Baba Yaga

Charlie Smith - Cinema

July 31, 2021

Closing August 21st, 2021.

Baba Yaga is pleased to present Cinema, an exhibition of sculptures by Charlie Smith, with a text by Marisa Espe.

The last movie I saw in theaters was Uncut Gems. One version of the plot is that there’s a man who miscalculates the value of an object due to his obsession with it.

Arguably, the main protagonist of the film is the object itself, the precious black opal. The opening scene introduces its origins from Ethiopian mines, establishing its primacy in the narrative. In one of the most provocative transitions the film features, the perspective tunnels into the opal, through its polychromatic fractal interior, and then morphs into a bodily interior from the POV of a colonoscope camera. The man’s fixation with the object resides so deep, the gems are inside him, made of similar stuff as him.

Things in films are props: traditionally, short for ‘property’ of the stage, but also prop in the sense of ancillary support. Props are handled by actors differently than objects in the non-cinematic world—touched subtly more gingerly or held up in a slightly exaggerated manner. However, in Uncut Gems the black opal transcends the status of prop, here the object is real. I watch Adam Sandler’s character attentively transfer it between his hands, and I can approximate its mass. He studies it through his loupe, draws others in to look, and I imagine its gems sparkling against the matte speckled matrix. He carries it around on the streets, and his stride responds to the extra weight, both in carats and affect. I left the movie wondering if the directors had any background as sculptors.

Cinema is an exhibition of sculptures by Charlie Smith. The show title’s reference to moving images affirms a certain quality of Smith’s works that I’ve perceived without a precise term to describe it. ‘Cinema’ is not that precise term, but perhaps more apt in its proximity and simultaneous maintenance of an ambiguity. There is motion in the sculptures. There is implied motion in their tessellated structures—they could turn and comfortably reorient on a new axis, they could cascade and tumble from and into one another. But there is also actual motion derived from the mirrored surfaces of several works. Walking around Tortoise, reflections kaleidoscope around it. I catch parts of my reflection in at least a dozen little frames, like a short sequence of film strip cut into individual cells and scattered.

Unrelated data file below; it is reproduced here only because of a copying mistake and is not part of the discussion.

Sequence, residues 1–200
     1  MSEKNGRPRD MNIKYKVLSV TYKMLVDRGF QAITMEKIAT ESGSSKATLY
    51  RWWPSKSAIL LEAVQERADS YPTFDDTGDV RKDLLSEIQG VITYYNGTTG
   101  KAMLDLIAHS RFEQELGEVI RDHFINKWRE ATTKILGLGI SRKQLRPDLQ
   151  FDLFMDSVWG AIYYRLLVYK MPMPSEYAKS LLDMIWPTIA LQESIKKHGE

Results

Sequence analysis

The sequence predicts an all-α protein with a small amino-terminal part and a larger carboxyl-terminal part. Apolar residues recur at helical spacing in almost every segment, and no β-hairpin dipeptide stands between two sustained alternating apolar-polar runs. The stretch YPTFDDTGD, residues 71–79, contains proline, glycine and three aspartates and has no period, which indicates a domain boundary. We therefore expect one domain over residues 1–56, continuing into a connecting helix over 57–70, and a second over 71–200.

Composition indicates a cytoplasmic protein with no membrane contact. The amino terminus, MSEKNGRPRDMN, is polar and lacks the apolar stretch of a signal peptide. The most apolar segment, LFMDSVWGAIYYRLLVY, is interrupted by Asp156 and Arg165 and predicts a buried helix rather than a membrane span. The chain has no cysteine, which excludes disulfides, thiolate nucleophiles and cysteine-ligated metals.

Many aspects of Smith’s process are precise and exacting. There is an apparent rigor to his craft, but also to the systems from which the iterative forms are produced. In complementary contrast, mysterious things still happen. The unexpected still eludes calculation, and I think in some ways Smith chases that phenomenon, as if doubling down on the technique yields more, new surprises, movie magic.

Marisa Espe

Untitled (Tumbleweed,) 2019. Acrylic paint, PVC plastic, particle board, MDF

Slug, 2021. Acrylic paint, acrylic mirror, particle board

Banquette, 2021. Pine, soap.

Untitled (Pillow,) 2021. Pine, pennies, soap.

Carapace, 2020. Acrylic paint, Acrylic mirror, Particle Board and Untitled (Blue,) 2018. Acrylic paint, Particle Board

Cross, 2021. Acrylic paint, acrylic mirror, MDF

Tortoise, 2021. Acrylic paint, acrylic mirror, MDF